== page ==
Avoiding bubbles in Impression-Casting Material
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    Default Avoiding bubbles in Impression-Casting Material

    I am using flexbar reprorubber casting material (2-part compound injected into part through nozzle) to create impressions of an internal chamfer on a plastic part, for measurement on an optical comparator. I've been experimenting with different flexbar products (thin-pour and medium body), but they are both producing bubbles in the casts and the bubbles are throwing off my measurements.

    Does anyone have any tips for avoiding bubbles in the casts?

    Thanks

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    Just the other day while I was not really paying attention to it, Youtube decided to play me a video about artisan soap making.

    They added rubbing alcohol to the mix to stop bubbles forming as the mix hardened.

    I have no idea why I've retained this information, or if it would have any positive effect on reprorubber.

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    Usual practice is to de-air it in a vacuum vessel immediately after mixing.

    You don't need high vacuum or a fancy container. A pressure cooker with the vacuum tubing connected where the weight sits will work. One place I worked at used a large dia. pipe spool ( a short piece of pipe welded to 2 flanges) sitting on a rubber sheet on the bench with a chunk of thick Lexan as a lid with a rubber gasket.

    For vacuum even a cheap compressed air siphon will get you down to about 25 inches of mercury, plenty enough for this.

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    Quote Originally Posted by Scottl View Post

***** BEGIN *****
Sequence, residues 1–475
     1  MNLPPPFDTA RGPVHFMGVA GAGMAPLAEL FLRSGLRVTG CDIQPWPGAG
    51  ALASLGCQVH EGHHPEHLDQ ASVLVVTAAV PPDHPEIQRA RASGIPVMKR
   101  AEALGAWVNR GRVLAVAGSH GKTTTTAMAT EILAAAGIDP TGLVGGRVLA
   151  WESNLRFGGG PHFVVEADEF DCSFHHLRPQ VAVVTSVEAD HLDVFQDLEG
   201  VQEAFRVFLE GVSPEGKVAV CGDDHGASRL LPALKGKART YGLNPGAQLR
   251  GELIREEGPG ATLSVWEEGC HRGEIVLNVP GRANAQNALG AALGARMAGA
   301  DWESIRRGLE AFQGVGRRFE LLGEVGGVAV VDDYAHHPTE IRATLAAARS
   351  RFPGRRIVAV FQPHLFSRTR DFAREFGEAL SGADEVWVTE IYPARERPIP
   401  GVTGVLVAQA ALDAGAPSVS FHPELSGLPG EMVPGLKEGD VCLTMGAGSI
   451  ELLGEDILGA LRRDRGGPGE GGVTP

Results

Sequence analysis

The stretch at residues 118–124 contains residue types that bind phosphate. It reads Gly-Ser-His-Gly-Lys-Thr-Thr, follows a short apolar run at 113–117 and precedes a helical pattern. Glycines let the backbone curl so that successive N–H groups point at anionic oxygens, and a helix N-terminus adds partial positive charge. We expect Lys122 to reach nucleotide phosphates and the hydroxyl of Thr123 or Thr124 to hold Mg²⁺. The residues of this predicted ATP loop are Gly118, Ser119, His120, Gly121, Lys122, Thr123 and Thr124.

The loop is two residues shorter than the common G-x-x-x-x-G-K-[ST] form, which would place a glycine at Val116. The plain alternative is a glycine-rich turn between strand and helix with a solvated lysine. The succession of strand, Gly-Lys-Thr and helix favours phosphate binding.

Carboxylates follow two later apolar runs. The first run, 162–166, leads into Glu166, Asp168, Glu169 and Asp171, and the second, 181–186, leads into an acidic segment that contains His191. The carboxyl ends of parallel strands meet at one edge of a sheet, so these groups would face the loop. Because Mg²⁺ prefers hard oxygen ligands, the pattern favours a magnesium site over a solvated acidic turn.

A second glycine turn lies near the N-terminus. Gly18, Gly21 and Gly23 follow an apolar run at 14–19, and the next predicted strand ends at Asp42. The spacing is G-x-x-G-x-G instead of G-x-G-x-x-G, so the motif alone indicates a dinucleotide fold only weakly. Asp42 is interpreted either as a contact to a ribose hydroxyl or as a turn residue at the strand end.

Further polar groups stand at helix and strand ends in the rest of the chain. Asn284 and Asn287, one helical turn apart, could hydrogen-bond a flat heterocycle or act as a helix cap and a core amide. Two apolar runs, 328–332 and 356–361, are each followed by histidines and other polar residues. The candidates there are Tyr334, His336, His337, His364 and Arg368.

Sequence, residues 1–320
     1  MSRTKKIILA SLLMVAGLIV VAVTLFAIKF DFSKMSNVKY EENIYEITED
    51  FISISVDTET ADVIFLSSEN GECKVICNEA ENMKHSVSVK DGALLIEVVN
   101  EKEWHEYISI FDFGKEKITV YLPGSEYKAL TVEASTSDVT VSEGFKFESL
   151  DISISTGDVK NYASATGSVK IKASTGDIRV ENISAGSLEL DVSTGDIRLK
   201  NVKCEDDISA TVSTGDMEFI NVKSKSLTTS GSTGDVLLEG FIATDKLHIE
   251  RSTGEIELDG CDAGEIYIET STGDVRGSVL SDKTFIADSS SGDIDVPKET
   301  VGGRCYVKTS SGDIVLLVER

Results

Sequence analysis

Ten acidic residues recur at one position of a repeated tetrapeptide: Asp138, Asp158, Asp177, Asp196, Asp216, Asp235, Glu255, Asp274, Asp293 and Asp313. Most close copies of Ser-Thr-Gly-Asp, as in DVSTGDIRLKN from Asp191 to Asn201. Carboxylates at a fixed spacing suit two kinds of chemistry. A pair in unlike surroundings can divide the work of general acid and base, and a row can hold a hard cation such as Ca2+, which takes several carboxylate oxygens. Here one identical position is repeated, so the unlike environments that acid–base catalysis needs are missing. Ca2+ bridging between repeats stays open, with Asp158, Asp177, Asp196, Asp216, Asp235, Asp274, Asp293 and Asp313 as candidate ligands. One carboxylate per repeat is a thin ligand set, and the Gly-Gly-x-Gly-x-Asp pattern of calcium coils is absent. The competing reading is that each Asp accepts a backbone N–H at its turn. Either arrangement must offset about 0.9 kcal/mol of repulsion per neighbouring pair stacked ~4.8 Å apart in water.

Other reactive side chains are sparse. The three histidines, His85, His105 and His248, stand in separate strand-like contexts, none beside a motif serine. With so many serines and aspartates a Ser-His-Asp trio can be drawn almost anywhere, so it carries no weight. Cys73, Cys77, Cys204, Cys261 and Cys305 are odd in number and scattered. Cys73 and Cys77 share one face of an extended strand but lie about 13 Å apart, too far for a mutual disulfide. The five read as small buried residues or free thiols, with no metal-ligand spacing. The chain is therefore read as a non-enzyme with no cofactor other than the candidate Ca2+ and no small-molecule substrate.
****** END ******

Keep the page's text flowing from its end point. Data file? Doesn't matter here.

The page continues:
Usual practice is to de-air it in a vacuum vessel immediately after mixing.

    You don't need high vacuum or a fancy container. A pressure cooker with the vacuum tubing connected where the weight sits will work. One place I worked at used a large dia. pipe spool ( a short piece of pipe welded to 2 flanges) sitting on a rubber sheet on the bench with a chunk of thick Lexan as a lid with a rubber gasket.

    For vacuum even a cheap compressed air siphon will get you down to about 25 inches of mercury, plenty enough for this.
    Thanks for your response! I am hoping to avoid adding any semi-sophisticated equipment to this process though, as this process would be for high-volume QC inspections and the added complexity would be difficult to implement.

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    Quote Originally Posted by gmackugler View Post
    Thanks for your response! I am hoping to avoid adding any semi-sophisticated equipment to this process though, as this process would be for high-volume QC inspections and the added complexity would be difficult to implement.
    I take it there's no way to get into the feature with the putty?

    I've only ever used the putty, never had problems with bubbles forming. Maybe I've been lucky, or is the putty perhaps less prone to this?

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    Quote Originally Posted by gregormarwick View Post
    I take it there's no way to get into the feature with the putty?

    I've only ever used the putty, never had problems with bubbles forming. Maybe I've been lucky, or is the putty perhaps less prone to this?
    Can't get into it with putty. We are measuring the angle of the chamfer relative to the central axis of the threads, and are getting bubbles along the threads (which is throwing off the thread-detection app on the optical comparator). The putty definitely wouldn't fill out the threads.